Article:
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Moussa Sangare, Plaintiff-Respondent v. Nancy M. Edwards

New York Supreme and/or Appellate Courts Appellate Division, First Department

January 19, 2012


Sangare v Edwards

Published by New York State Law Reporting Bureau pursuant to Judiciary Law § 431.

This opinion is uncorrected and subject to revision before publication in the Official Reports.

Decided on January 19, 2012

Mazzarelli, J.P., Saxe, Acosta, DeGrasse, Manzanet-Daniels, JJ.

Order, Supreme Court, New York County (Martin Shulman, J.), entered May 25, 2011, which denied defendant Dermer Management Company's motion to refer the matter to the Workers' Compensation Board to determine whether plaintiff was Dermer's special employee at the time of his injury, and to stay the trial pending that determination, unanimously affirmed, without costs.

Plaintiff Sangare is the superintendent of a residential building located at 514 Broadway and owned by Soho Plaza Corporation (Soho). Defendant Dermer is the managing agent of the property. On September 19, 2007, plaintiff was injured when defendant Edwards, owner of a cooperative unit in the building, allegedly ran toward him and hit him in his back with a box of magazines while plaintiff was mopping the floor of the lobby. Plaintiff was hospitalized and ultimately required back surgery. Although plaintiff was injured on the job, he never applied for workers' compensation since his employer, Soho, continued to pay his full salary while providing him with an assistant to handle his more strenuous duties.

Plaintiff commenced an action alleging assault and battery against Edwards, and negligence against Dermer, contending that Dermer knew or should have known of Edwards's violent tendencies. Dermer amended its answer to include a workers' compensation defense, asserting that as a special employee of Dermer, plaintiff's sole and exclusive remedy was workers' compensation. Dermer did not otherwise raise or pursue the workers' compensation issue during the course of the litigation.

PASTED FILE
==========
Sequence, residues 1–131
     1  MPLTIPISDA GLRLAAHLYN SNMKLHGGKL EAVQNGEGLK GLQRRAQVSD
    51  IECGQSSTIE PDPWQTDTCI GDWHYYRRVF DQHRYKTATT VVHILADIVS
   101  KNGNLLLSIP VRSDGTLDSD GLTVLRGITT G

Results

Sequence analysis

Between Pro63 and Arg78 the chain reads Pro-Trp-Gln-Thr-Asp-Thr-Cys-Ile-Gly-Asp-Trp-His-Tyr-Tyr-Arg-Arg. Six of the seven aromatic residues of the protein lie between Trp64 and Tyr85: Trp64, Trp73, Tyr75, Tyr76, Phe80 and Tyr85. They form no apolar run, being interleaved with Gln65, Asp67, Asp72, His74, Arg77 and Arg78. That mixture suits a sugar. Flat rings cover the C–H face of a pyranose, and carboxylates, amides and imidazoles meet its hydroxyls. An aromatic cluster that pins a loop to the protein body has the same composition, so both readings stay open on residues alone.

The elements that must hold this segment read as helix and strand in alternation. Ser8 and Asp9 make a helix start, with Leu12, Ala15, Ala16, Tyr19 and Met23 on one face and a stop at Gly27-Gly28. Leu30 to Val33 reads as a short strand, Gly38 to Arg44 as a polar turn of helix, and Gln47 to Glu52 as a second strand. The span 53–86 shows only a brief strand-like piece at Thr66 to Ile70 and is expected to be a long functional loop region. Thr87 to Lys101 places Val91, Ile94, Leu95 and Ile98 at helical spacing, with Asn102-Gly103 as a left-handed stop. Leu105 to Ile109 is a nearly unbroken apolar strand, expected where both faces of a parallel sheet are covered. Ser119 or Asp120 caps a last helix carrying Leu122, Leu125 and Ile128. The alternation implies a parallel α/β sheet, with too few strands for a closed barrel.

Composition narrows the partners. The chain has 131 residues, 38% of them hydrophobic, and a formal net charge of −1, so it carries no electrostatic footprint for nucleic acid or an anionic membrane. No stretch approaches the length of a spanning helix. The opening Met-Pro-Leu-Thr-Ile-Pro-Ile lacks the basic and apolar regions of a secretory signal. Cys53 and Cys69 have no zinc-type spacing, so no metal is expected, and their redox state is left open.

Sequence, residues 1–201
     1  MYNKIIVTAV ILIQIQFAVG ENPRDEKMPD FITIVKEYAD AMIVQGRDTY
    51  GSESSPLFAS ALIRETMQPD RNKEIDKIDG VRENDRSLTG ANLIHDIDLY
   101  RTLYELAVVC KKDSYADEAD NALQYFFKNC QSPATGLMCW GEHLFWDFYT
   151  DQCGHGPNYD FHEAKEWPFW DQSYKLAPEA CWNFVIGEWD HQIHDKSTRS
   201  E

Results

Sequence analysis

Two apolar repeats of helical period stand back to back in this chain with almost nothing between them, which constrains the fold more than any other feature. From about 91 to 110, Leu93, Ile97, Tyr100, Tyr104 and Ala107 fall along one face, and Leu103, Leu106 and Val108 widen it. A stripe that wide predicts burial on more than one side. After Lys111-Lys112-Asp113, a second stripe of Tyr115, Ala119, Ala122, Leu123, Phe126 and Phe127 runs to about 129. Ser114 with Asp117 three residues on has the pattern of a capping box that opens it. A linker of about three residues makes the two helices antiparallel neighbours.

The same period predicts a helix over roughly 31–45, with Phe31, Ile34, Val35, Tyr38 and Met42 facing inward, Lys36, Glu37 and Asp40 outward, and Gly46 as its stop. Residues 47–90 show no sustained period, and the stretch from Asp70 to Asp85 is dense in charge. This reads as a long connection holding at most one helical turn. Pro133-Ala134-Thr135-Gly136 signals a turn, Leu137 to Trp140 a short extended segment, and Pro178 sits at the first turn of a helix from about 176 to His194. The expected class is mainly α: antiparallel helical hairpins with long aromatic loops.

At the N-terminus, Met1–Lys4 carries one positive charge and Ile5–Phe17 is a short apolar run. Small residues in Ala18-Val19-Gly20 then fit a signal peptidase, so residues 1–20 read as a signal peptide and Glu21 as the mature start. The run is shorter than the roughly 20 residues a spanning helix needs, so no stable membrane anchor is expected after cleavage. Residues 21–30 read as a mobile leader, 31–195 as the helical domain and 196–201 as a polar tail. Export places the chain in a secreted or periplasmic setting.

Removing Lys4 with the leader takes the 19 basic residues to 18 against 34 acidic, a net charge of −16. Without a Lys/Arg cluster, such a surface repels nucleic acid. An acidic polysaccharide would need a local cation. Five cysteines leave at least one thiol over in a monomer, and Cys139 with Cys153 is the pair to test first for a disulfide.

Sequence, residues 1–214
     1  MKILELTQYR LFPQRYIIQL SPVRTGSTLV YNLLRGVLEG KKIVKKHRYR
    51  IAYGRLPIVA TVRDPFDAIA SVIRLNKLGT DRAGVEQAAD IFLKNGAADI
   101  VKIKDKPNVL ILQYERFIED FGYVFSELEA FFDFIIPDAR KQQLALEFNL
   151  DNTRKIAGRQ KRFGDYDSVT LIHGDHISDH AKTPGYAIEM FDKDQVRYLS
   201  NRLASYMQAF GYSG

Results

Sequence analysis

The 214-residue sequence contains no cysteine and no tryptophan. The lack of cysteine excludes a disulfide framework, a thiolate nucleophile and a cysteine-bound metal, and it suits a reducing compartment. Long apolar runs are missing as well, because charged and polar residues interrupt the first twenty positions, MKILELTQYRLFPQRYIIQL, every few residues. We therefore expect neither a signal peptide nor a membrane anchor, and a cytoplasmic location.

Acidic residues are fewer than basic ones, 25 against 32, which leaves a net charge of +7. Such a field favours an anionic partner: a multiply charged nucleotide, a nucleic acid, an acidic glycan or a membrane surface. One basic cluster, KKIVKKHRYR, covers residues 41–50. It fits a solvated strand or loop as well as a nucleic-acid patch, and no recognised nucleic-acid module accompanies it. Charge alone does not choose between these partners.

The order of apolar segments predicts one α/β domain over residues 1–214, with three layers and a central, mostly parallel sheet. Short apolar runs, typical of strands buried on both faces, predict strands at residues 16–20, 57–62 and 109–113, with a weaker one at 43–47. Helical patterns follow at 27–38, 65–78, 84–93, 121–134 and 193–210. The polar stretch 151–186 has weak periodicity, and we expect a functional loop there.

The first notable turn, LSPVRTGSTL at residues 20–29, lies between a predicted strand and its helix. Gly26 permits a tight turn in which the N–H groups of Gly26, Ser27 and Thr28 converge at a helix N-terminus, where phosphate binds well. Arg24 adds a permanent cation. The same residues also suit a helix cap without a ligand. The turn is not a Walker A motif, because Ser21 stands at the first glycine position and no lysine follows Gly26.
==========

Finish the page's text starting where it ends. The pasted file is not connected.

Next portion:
Following discovery, by order to show cause, Dermer moved to refer the matter to the Workers' Compensation Board (WCB) for a determination as to whether plaintiff was the special employee of Dermer, and to stay the proceedings pending such determination. Plaintiff opposed the motion, arguing, inter alia, that the motion was untimely, and, in any event, that plaintiff was the employee of Soho, not Dermer.

The court denied the motion, noting that it was "not obligated in all cases to defer to the WCB's primary jurisdiction by referring employment issues to the WCB." The court declined to reach the merits of Dermer's status as a special employer, since the issue was not before it, and the time to make a summary judgment motion had expired. The court stated that it was unwilling to further delay this case "on the eve of trial" by referring the matter to the WCB so that Dermer could obtain what it had failed to timely seek before the court, namely, a summary determination of its fourth affirmative defense.

We agree that under the particular circumstances of this case, referral was not indicated, and now affirm. We note, as an initial matter, that the compensation issue was never litigated before the Board because plaintiff, while working a reduced schedule following the incident, continued to receive his full salary and benefits from Soho. Dermer, other than asserting the workers' compensation statute as an affirmative defense in its answer, failed to raise the issue during the entire course of the litigation, and indeed, only raised the issue on the eve of trial, when discovery was complete and the time for making summary judgment motions had expired. The court aptly noted that Dermer was attempting to obtain via this motion relief it could no longer obtain by motion for summary judgment. Dermer may not, at this belated juncture, invoke the primary jurisdiction of the WCB as a means of further delaying the litigation (see Bastidas v Epic Realty, LLC, 58 AD3d 776 [2009]).





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